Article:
Unless you have been directly affected by one of them, it’s likely you’ve never heard of most or all of the nearly 7,000 rare diseases recognized by NORD. I had certainly never heard of gastroschisis or short bowel syndrome until they were quite literally thrust into my lap four years ago. But if you know even a handful of people, odds are high you know someone who has been affected by rare disease. By definition, each rare disease affects fewer than 200,000 people in the United States at any one time, but collectively there are more than 30 million people living with rare disease in the U.S. – that’s about 1 in 10 – and an estimated 350 million people worldwide.

This year’s RDD theme is research, and research is certainly a fundamental necessity for the rare disease community. Fewer than 5% of rare diseases currently have a treatment, and lack of knowledge and quality information can result in devastating delays in diagnosis. Many people remain undiagnosed, sometimes for entire lifetimes. And the need for treatments and cures is pressing; rare diseases are responsible for 35% of deaths in the first year of life, and 30% of children with rare diseases will not live to see their fifth birthday.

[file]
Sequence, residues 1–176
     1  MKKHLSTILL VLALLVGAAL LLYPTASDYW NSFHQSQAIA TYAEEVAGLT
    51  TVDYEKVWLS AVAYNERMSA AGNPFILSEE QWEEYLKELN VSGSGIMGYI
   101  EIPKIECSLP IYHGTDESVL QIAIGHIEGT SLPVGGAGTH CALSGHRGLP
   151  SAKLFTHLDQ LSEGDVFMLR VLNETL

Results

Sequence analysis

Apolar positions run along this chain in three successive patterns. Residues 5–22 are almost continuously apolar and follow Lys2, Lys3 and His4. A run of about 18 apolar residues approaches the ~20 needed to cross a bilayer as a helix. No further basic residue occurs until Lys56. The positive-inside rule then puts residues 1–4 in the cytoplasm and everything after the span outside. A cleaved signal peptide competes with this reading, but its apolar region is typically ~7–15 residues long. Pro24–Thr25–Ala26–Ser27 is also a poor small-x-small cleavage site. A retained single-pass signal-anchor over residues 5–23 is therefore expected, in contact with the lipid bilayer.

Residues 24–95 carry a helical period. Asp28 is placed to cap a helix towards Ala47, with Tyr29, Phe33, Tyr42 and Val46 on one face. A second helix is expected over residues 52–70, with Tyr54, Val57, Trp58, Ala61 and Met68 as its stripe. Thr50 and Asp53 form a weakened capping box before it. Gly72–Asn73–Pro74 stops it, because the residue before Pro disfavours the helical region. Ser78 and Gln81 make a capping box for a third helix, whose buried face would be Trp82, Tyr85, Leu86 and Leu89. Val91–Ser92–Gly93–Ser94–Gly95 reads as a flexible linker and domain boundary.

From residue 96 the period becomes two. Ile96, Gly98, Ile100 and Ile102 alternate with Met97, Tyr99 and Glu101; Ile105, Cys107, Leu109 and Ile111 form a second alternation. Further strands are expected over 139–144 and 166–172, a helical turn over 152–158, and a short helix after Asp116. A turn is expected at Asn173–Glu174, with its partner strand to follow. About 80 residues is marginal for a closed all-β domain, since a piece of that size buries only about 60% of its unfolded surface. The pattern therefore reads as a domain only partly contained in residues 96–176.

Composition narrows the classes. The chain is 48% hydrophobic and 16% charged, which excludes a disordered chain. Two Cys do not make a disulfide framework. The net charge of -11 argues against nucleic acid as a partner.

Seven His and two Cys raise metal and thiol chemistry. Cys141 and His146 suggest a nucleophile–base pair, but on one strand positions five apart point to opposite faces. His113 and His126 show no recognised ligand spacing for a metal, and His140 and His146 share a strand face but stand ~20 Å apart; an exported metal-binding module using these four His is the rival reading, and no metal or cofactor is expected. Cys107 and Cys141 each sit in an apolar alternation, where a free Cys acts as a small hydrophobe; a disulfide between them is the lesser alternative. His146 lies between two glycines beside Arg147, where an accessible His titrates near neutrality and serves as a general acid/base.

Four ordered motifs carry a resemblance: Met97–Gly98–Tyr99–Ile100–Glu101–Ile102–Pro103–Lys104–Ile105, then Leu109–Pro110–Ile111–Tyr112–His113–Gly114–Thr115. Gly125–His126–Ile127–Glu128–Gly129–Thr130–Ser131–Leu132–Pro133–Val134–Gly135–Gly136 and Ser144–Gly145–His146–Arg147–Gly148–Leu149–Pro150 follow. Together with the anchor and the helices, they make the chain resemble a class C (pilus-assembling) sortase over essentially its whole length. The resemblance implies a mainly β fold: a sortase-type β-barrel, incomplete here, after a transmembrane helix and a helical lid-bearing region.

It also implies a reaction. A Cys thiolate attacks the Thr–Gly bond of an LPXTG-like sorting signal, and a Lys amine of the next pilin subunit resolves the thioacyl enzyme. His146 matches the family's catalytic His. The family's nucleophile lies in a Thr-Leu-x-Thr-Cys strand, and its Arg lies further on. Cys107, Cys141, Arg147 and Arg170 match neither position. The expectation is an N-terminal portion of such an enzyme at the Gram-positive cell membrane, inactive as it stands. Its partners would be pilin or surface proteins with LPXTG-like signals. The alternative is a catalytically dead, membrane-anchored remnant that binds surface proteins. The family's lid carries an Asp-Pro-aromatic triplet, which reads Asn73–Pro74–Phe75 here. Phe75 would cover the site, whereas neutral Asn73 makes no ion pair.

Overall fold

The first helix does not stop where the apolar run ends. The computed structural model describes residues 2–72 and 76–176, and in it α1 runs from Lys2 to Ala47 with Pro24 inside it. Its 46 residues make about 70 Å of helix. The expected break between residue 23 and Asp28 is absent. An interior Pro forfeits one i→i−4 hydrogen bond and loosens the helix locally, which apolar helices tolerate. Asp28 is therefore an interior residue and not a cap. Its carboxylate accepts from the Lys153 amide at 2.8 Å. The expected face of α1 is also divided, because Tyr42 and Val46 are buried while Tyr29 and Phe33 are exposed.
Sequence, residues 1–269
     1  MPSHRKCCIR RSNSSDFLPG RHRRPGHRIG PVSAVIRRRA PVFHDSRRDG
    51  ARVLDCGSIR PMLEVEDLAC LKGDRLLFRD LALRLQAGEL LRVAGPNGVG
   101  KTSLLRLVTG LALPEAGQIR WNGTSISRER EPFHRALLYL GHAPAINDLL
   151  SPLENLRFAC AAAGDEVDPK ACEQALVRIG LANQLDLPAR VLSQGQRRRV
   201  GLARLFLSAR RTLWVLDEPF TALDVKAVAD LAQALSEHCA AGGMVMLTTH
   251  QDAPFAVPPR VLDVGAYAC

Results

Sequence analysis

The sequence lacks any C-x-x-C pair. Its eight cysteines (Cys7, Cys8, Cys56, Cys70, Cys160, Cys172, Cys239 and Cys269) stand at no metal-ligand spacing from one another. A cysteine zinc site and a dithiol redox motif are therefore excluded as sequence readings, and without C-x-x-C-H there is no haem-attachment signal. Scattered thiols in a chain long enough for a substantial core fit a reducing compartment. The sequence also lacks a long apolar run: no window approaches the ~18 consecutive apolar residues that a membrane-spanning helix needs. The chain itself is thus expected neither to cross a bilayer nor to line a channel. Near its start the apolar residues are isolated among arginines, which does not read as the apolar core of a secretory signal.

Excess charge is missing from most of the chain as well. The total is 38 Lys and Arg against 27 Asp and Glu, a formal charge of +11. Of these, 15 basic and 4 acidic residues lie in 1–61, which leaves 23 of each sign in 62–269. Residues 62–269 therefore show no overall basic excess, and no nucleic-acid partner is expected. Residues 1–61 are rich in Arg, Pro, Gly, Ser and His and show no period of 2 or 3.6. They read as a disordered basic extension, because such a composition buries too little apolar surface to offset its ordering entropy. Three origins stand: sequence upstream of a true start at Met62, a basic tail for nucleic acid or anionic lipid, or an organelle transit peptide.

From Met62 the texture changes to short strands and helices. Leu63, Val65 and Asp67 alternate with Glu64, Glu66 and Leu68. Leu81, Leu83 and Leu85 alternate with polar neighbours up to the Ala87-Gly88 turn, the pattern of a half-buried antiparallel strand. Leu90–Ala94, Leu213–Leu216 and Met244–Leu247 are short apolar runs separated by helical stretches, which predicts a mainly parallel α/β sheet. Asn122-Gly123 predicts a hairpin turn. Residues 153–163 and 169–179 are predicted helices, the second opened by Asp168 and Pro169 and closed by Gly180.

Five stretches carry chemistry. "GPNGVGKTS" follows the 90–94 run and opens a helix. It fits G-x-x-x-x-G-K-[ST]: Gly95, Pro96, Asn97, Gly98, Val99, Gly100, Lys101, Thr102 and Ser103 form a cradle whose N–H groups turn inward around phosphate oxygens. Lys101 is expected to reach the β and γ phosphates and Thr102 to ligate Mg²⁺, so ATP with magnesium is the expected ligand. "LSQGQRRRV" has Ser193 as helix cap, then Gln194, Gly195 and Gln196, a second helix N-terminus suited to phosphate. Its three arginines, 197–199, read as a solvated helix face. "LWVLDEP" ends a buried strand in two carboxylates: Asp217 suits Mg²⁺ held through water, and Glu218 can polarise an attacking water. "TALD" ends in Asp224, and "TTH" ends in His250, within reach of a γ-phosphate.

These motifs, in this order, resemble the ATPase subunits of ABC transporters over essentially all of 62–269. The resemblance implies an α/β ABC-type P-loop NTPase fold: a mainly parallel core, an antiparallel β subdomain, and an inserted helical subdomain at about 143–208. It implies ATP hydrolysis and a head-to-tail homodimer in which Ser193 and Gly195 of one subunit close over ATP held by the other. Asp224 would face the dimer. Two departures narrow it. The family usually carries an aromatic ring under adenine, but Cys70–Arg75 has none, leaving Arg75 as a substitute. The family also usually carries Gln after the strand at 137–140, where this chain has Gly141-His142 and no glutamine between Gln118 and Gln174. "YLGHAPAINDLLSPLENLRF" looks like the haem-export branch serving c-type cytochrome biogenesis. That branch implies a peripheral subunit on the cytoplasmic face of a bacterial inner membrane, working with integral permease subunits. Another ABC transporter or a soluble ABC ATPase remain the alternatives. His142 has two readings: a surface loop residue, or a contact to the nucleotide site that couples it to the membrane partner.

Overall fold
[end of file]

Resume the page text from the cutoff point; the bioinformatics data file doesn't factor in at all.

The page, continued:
Last year’s theme, however, will always resonate most deeply with me: Patient Voice. On a true Leap Day in 2016, RDD made those 350 million voices heard. Research is brought about by advocacy and awareness, and advocacy and awareness begins with voices. The patient voice is the best advocate in a world where even most doctors don’t understand rare diseases, and it is the best avenue for placing faces next to scary, unpronounceable words. It’s voices that fill the absence; voices that inspire more voices; voices that make sure someday, somewhere, a mother will never feel as completely and utterly lost and alone as I felt in 2013.

To hear more voices or to learn more about rare disease, visit rarediseaseday.org or Rare Disease on The Mighty.